During my cross-country motorcycle trip in May/June 2001, I got pictures of nearly every city (A through Z) and nearly every county (A through Z) for the Harley Owners Group's ABCs of Touring. Somehow an "I" county had eluded me. My co-worker Dave C. also needed an "I" county, so we planned this trip to get photos of Inyo County, Dave on his Electra Glide Standard and me on my Electra Glide Road King.
Friday, October 19, 2001
Inyo County is in far east-central California, on U.S. Highway 395 about 150 miles south of Carson City, Nevada and about 200 miles north of Mojave, California. One of the big cities in Inyo County is Bishop, which sits on Highway 395 about 60 miles south of Mono (pronounced moe-know) Lake.
Many people only know of Mono Lake, and how to pronounce it, from looking out of airplane windows when the pilot says, "We're passing over Mono Lake." It is just east of the community of Lee Vining on U.S. 395. I cannot tell you its history, but I will tell you about our trip.
I left San Jose at 6:10 a.m. and fought Friday morning traffic out of the Santa Clara valley. This included what looked like an injury accident on Hy 680 just east of Hy 101. San Jose Fire and the California Highway Patrol were on scene cleaning up. After that, it was relatively clear sailing, although still dark.
I passed through Livermore on CA 84 about 7:00 a.m. and was eastbound on Interstate 580 by 7:15 a.m. I continued east on 580, passing through Tracy, transitioned onto I-205 and then north on Interstate 5 for a very short distance to CA 120 and then east. Dave lives in Manteca, so I only had to go a few miles before taking on off-ramp and got to his house at 7:40 a.m.
After meeting the family and checking the maps, we saddled up and rode over to the Manteca municipal building for some "M" pictures in front of the police department. After refueling, we left Manteca at about 8:45 a.m. and continued east on CA 120.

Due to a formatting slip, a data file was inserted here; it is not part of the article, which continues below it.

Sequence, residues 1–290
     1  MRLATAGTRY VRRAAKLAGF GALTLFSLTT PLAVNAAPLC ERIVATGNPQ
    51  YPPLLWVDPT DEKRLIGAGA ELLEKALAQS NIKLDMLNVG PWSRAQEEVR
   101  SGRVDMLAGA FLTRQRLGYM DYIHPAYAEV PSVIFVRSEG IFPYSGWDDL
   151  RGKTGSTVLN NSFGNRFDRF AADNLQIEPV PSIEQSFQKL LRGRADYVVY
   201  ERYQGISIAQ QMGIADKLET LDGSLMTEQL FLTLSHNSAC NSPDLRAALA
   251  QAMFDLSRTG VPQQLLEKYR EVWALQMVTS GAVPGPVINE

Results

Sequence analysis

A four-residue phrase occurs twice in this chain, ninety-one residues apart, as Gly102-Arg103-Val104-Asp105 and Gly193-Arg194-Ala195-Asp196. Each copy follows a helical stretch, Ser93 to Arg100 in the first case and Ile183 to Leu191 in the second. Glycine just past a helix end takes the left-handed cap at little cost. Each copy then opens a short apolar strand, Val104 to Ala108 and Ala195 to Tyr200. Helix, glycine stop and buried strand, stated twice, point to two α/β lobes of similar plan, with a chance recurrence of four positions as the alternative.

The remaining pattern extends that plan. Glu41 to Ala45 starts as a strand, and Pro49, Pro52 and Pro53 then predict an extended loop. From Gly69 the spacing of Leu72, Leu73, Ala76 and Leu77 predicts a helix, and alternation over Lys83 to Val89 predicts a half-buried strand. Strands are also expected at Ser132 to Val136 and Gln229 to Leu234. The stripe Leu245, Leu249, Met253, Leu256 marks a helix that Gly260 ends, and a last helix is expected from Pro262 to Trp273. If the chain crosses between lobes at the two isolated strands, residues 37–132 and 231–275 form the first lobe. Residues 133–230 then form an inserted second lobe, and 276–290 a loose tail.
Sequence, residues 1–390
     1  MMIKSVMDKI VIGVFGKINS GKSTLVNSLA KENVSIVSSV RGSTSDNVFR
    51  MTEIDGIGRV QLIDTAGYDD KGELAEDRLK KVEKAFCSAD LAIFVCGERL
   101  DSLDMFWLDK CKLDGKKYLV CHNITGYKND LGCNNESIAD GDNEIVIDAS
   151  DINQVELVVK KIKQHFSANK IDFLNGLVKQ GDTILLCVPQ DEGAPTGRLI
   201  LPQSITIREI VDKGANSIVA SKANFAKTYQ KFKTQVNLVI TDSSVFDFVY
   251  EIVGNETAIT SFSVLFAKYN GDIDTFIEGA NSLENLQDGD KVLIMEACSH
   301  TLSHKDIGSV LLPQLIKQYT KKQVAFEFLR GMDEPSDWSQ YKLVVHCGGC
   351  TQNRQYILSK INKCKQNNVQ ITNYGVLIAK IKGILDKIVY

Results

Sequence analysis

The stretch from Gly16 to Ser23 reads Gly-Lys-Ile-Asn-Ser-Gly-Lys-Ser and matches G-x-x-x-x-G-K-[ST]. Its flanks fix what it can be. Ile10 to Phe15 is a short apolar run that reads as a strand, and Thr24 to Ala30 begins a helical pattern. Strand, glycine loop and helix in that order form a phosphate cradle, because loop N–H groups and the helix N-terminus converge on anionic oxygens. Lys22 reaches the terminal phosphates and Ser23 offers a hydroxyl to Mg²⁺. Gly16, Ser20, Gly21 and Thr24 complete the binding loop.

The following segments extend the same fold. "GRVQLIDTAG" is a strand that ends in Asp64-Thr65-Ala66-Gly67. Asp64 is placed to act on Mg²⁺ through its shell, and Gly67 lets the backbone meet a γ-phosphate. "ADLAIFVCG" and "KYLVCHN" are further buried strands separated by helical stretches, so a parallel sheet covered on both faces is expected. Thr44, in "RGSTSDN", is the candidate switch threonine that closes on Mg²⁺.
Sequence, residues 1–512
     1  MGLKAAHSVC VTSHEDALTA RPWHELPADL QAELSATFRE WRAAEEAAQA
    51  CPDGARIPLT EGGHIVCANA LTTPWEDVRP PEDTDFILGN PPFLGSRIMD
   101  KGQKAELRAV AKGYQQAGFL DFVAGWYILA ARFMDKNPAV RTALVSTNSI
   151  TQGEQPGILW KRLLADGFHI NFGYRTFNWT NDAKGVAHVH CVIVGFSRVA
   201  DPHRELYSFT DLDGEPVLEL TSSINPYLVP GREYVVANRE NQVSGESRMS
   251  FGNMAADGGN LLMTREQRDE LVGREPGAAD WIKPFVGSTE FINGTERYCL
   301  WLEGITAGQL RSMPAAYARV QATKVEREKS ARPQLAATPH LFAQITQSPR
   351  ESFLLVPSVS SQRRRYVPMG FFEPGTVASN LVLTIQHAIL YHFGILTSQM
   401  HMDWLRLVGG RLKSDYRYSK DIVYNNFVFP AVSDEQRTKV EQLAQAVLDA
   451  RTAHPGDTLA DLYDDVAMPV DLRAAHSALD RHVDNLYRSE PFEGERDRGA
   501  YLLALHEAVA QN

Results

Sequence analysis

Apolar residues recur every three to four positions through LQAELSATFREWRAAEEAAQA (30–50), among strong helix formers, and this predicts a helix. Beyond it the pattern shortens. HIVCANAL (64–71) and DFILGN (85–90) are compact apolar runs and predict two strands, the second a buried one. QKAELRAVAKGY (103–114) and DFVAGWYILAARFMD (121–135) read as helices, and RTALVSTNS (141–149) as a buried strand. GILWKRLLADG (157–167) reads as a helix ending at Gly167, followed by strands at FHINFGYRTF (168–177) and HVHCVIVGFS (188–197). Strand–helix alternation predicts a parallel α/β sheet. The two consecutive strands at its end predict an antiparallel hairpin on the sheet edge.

We passed many miles of farmland and several little cities on the way east. Highway 120 is mostly two-lane with some four-lane divided sections, going over hill and dale with occasional passing lanes and more little towns along the way, slowly climbing in elevation. Hy 120 and Hy 108 are the same road for a while, but 108 continues toward Sonora Pass and 120 goes through Yosemite National Park and over Tioga Pass.
Then it's clear that you're entering the Sierra Nevada mountains as the elevation rises and you're surrounded by tall trees and beautiful views in all directions.
Since there is no gasoline available in Yosemite Valley, we stopped for fuel in Groveland a few minutes before 10:00 a.m. to assure that we'd make it through the park. (Dave estimated the distance through Yosemite to be 70 miles.) I also managed to get a photograph in front of the Groveland Fire Department.
About a half-hour later, we took advantage of a vista point in the Stanislaus National Forest to pull over and rest. The sign says it's the Rim of the World and it certainly was a beautiful sight. We could see a panorama of color, some burned trees from a forest fire, but mostly huge mountainsides and trees of all shapes, sizes and colors.
A bicyclist saw us getting out the cameras and volunteered to take our pictures. Of course we returned the favor and then she was on her way, the same way we were going but at a considerably slower rate.
We arrived at Yosemite National Park's Big Oak Flat entrance ranger station (more like cashier's office) about 11:15 a.m. and paid our $10 to ride though the park, good for 10 days. I guess I shouldn't complain, because the roads are well maintained.
Highway 120 turns north (left while going through the park from this direction), so we did not get into the Yosemite Valley itself. The road is still two lanes and the speed limit is mostly 45 miles per hour through the redwood trees.
We passed several campgrounds, lakes and many rock formations among the trees, then the terrain changed dramatically as we passed through the aptly named Tuolumne Meadows. Shortly after leaving the park at the Tioga Pass ranger station, we stopped at a turnout near Saddlebag Lake Road (near the Tioga Pass Resort) and talked to a couple of fishermen who had caught their limit for the day.